I met a former student for coffee, and our talk turned to the mental health challenges she’d navigated during her teen years. Only vaguely aware of her struggle, I appreciated her willingness to tell me about it and expressed the hope that she would continue to find the right balance of medication and therapy to keep her stable.
I asked if she had found support in a faith community. She had not, in great part because of religious trauma she’d experienced years earlier, when her pastor shared the story of someone possessed with “the demon of suicide.” Because of her own struggle with suicide ideation, this young person internalized the pastor’s judgment, as well as his insistence that with enough prayer, everything — including her overwhelming anxiety — might be healed.
“The only thing the church offered me was platitudes,” she said. What she needed was relationships and connections to resources, including the medication that alleviated her anxiety.
Carlene Hill Byron’s new book, Not Quite Fine, tells stories similar to what my former student experienced: times when church leadership and laity handled a congregant’s (or their own) mental health challenges poorly, sometimes causing more harm. Byron brings a message of hope, asserting that the body of Christ can face these challenges by offering belonging and purpose to those who have mental health problems. (Byron prefers not to use the term mental illness, for a number of reasons she outlines in the book. I am honoring that preference here.)
Indeed, Byron writes, God has been preparing us to “offer meaning, purpose, belonging, value and hope to those who need them,” including those who suffer because of their mental health. Not Quite Fine — selected as Mennonite Church USA’s Common Read for April to June — points the way toward those preparations, providing tools and grace-filled insight for people of faith to express care for one another.
Byron writes as someone who has experienced a mental health diagnosis for almost 45 years and has integrated her faith-filled life into her understanding of mental health. Her work includes advocacy for people with disabilities, as well as serving as a spiritual wellness volunteer in the MaineHealth hospital system and as an educator through the National Alliance on Mental Illness.
Not Quite Fine explores the stigma surrounding mental health problems and takes on the idea that we are in a mental health crisis because of cultural influences and the COVID pandemic. Byron notes that nearly one in six people are prescribed psychiatric medication and that half of all Americans will, at some point, face a mental illness diagnosis.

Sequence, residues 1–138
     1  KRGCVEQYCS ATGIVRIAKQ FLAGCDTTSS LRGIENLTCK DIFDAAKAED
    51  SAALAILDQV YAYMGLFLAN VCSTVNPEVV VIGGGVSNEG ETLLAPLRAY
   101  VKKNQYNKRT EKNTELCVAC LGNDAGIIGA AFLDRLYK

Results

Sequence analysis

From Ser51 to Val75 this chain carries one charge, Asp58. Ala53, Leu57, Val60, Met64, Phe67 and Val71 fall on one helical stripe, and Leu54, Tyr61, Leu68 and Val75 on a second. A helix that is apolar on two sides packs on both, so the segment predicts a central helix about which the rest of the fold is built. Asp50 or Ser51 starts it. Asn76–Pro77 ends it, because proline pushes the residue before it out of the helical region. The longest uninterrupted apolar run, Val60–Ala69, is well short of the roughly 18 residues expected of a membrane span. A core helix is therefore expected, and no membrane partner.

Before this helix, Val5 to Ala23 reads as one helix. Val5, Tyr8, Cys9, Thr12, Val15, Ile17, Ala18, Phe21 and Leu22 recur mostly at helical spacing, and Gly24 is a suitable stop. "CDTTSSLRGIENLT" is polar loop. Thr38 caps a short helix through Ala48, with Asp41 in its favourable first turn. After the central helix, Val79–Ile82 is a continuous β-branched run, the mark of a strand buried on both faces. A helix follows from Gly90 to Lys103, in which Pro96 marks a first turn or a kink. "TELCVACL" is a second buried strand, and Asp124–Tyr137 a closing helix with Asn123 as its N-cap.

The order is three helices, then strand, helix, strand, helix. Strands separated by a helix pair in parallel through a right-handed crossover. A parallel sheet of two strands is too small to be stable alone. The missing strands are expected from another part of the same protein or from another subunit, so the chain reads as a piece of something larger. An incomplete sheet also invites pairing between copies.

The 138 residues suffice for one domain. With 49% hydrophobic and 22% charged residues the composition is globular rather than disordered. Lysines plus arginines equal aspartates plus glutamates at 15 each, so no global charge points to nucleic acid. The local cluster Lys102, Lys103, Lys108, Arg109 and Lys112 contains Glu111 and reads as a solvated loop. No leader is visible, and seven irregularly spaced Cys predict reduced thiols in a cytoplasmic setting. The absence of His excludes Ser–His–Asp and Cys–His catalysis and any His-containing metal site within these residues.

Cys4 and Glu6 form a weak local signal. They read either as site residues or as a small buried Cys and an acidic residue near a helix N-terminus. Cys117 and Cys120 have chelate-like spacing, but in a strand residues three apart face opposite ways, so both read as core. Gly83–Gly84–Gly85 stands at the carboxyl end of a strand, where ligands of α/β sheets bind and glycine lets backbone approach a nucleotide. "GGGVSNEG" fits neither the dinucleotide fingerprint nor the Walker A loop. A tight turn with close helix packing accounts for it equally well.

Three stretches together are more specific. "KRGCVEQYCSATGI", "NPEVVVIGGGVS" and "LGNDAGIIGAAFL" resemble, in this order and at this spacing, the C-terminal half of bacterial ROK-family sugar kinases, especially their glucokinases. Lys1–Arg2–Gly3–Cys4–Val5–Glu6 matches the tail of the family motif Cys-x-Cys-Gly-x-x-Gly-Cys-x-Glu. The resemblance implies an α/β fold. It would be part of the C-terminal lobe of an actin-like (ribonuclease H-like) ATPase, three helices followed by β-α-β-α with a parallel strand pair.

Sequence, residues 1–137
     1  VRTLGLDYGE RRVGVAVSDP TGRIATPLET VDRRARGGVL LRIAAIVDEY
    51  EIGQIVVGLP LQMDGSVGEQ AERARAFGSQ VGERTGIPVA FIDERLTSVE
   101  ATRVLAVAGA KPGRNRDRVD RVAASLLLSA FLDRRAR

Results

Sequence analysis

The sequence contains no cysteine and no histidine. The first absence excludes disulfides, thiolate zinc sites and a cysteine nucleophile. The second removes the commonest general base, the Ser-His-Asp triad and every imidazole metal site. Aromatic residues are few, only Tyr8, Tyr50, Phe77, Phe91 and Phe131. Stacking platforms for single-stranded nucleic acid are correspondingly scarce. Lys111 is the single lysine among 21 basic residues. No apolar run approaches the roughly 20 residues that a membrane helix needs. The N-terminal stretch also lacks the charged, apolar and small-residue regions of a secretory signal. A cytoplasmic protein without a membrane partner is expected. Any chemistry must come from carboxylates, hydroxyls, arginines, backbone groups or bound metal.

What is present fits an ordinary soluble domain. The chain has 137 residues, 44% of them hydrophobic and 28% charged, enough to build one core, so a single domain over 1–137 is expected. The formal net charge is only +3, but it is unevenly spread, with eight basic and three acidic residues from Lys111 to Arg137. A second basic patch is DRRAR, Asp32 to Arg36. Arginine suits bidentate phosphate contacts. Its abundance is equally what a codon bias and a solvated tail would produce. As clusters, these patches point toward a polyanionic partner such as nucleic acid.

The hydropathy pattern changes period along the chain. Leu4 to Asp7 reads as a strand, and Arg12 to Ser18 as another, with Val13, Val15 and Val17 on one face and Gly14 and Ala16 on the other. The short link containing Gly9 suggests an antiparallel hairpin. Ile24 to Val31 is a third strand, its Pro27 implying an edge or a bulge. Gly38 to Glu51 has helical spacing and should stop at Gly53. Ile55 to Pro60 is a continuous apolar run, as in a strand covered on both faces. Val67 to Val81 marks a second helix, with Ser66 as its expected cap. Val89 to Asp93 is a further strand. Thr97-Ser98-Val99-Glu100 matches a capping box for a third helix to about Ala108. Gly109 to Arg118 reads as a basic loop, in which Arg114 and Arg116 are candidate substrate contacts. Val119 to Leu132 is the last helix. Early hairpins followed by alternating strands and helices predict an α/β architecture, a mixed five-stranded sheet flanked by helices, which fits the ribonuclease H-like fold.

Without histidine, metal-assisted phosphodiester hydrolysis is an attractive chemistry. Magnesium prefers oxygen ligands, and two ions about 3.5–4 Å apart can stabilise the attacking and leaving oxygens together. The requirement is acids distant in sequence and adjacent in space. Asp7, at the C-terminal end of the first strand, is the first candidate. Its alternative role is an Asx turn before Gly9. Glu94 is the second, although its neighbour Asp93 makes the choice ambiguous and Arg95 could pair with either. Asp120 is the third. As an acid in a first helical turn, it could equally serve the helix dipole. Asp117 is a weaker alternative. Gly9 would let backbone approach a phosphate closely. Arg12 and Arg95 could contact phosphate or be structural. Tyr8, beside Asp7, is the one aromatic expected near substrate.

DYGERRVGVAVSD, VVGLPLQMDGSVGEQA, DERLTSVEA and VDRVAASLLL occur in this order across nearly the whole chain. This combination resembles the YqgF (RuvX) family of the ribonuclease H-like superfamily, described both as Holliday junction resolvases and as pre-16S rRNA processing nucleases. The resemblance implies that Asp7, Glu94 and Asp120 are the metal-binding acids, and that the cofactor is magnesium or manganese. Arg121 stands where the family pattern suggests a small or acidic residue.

She wonders: Are we really facing a crisis, or has the definition of “normal” changed, so that emotions like grief and worry prompt diagnosis of a problem? There is good news in the awareness of mental health challenges, though, as we become more attuned to others’ suffering and more willing to sit with them in their sadness, whether they have a diagnosable mental illness or not.
Churches have not always been welcoming places, Byron says. Shepherding someone whose brain function is outside what we consider normal can be difficult. Church leaders may feel ill-equipped to navigate life with those facing mental health challenges. It can be uncomfortable to welcome someone whose behavior might disrupt worship and fellowship.
Still, including people with mental health problems is crucial. It affirms that all people are created in God’s image, even those whose brain function is altered by illness. She cites how we respond to people with physical challenges: We would never ostracize someone with cancer. We would pray for her, carry casseroles to her house, sit with her during treatment. We recognize that her life has meaning and that she deserves our deepest comfort and care. The same should be true of one with mental health problems.
Making space for and relying on the gifts of those with mental health challenges — including their leadership abilities — is good for the church.
Not Quite Fine includes a rich list of resources, in addition to advice on how caregivers can relate to mental health sufferers with humility, courage and grace. Byron’s entire book is filled with these qualities. She shows humility and courage in sharing her story and extends grace to others learning to navigate life with loved ones who suffer from mental health challenges. Her hope-filled book changed the way I understand mental health.